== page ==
By Victoria Vernail
What is the difference between a graduate student and Michael Jordan? MJ likely has superior physical features – he’s bigger, stronger, and faster. But what you are not be able to see is that his brain, and the brains of many competitive athletes, exhibit unique features. Changes in the brain such as brain volume or activity can be observed using imaging techniques including functional magnetic resonance imaging (fMRI) and electroencephalography (EEG). Motor, cognitive, and executive processes are important for improving performance at a task. A specific area of the brain important in athletic ability, called the primary motor cortex, is responsible for signaling voluntary movement in response to a given sensory stimulus. A 2014 study examined brain activity using EEG in elite German table tennis players and found that in response to videos of table tennis, elite athletes had greater activation of the motor cortex compared to amateurs.1 A similar trend is also seen in karate athletes, who have shown increased and faster activation of the primary motor cortex than non-athlete controls.2 So when MJ jumps up to meet a basketball souring across the court, the primary motor cortex is activated.
The primary motor cortex is organized to a specific body plan called the motor homunculus. The motor homunculus, or “little man”, contains organized sections that each correspond to a specific body part, acting as a map of the body in the brain (Figure 1). The motor homunculus is largely devoted to upper limb movements, including the hands and arms, which would be activated when MJ shoots a basketball.
Visualization restructures motor areas of the brain and improves performance
The activity in the brain’s primary motor cortex can be increased with training by increasing connections and cortical volume.3 In other words, practice makes perfect. Training for a skill can be conducted mentally, where an individual imagines performing a certain movement instead of physically doing that movement. Imagining a movement evokes activation in the primary motor cortex, stimulating the brain in the same way that the actual movement does.4 Athletes take advantage of the mind’s ability to activate parts of the body through a technique called visualization. Michael Jordan imagining shooting a game winner over Utah Jazz in Game 6 of the 1998 NBA finals could prime his body and mind to successfully complete the task. In an interview, MJ discussed how his coach on the Chicago Bulls taught MJ and his teammates to visualize the game of basketball to enhance their performance on the court.
Another region of the brain involved in motor training and performance is the cerebellum.5 The cerebellum maintains balance, posture, and is involved in motor correction. Connections between the cerebellum and the primary motor cortex are altered when a motor error occurs, which is useful to fine tune motor output to relevant muscles.6 If MJ air balls a basket, his cerebellum processes that information, sending a stronger signal to the primary motor cortex and the motor response is an improved shot the next time MJ has the basketball. Damage to the cerebellum leads to decreased activity in the primary motor cortex, as well as decreased timing and precision of motor tasks.7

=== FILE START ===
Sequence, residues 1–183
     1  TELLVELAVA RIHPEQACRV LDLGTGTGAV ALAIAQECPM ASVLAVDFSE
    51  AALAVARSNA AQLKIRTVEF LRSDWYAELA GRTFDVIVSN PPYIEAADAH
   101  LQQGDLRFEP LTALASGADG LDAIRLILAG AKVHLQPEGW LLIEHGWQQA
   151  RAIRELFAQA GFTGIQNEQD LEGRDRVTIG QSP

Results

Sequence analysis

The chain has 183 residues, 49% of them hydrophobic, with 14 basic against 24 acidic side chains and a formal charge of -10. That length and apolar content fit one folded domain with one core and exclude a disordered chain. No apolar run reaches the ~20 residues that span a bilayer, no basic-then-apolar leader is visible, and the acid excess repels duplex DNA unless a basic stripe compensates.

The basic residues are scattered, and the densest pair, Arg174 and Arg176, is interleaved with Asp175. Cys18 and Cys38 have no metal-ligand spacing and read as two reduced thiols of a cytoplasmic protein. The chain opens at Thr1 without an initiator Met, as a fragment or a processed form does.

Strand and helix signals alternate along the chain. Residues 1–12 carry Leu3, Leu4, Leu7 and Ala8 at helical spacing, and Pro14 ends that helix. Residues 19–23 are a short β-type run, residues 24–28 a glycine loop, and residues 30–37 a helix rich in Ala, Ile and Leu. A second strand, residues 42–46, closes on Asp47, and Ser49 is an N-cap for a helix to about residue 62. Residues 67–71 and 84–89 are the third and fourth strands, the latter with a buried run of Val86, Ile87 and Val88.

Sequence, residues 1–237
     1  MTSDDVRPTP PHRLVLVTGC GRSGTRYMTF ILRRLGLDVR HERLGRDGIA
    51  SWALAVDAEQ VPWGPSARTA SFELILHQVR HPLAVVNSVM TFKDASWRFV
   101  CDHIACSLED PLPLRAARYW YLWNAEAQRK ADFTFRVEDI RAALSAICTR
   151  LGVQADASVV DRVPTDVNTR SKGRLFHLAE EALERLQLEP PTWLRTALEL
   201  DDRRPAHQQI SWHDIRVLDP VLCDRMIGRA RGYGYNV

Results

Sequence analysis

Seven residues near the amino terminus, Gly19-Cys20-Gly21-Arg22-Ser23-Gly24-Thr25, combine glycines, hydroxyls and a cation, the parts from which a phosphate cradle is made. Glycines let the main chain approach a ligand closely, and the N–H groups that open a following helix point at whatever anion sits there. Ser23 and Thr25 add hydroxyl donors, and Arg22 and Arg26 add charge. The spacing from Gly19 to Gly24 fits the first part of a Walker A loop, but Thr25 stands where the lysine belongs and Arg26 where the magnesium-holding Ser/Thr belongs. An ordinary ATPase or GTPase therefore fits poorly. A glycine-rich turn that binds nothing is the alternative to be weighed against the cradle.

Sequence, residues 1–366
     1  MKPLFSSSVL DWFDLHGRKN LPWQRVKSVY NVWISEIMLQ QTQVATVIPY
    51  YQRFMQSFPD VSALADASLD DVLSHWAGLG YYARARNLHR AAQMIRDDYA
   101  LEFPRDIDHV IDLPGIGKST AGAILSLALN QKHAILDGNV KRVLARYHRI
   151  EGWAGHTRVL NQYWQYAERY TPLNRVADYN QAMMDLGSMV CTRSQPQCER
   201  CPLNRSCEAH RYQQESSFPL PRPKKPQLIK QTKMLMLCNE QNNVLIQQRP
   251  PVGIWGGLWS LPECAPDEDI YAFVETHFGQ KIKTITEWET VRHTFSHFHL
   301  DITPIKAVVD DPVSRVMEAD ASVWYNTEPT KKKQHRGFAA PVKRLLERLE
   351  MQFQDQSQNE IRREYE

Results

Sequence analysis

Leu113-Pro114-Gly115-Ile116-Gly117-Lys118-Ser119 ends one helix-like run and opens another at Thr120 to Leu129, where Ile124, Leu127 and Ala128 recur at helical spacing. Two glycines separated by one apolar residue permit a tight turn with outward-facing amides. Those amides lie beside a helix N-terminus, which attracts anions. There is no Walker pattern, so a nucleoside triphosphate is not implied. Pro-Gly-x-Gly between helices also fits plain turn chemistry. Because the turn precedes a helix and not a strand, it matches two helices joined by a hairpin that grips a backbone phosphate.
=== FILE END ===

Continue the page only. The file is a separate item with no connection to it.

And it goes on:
Mindfulness enhances athletic performance
In addition to motor skills, cognitive processes including attention are important for improving performance.8 The prefrontal cortex is involved in attention and can be enhanced by cognitive training, such as mindfulness. Mindfulness, a meditation tool characterized by intense awareness of physical and mental states, increases connectivity in the prefrontal cortex.9 Studies have shown that college athletes were able to improve their efficiency on an attention network test after participating in 5 weeks of mindfulness training.10 Additionally, increased attention allows experts to pick up on earlier cues than amateurs, such as the way a cricket ball is bowled, to anticipate hitting the ball better.11 Mindfulness is becoming a more popular tool in sports but also throughout society with many beneficial effects outside of increased attention (Figure 2). Increased attention is important for athletic performance but also enhance learning and all aspects of daily life.
Athletes have increased executive function
Experts are also known to be calm under extreme pressure. Stressful situations can be adaptive or maladaptive depending on a several factors and can affect decision making or performance.12 Enhanced performance in stressful situations may be explained by increased activation in areas of the brain in charge of executive function – things like planning, initiation, and goal-directed behavior. The prefrontal and anterior cingulate cortex are responsible for decision making and attention.13 These brain regions are negatively affected by worry or external factors such as distractors, which may cause athletes to choke under pressure.14 Therefore, minimizing distractors or over-arousal could help performance in important tasks. A study examining high division and low division soccer players found that high division players performed better on executive functioning tasks perhaps due to cognitive skills transfer between their sport and other tasks.15 Additionally, acute exercise has been found to increase executive function in healthy participants, which could explain enhanced performance on executive function tasks by athletes.16 Thus, training executive function skills aids in enhancing decision making and focus towards improved task performance.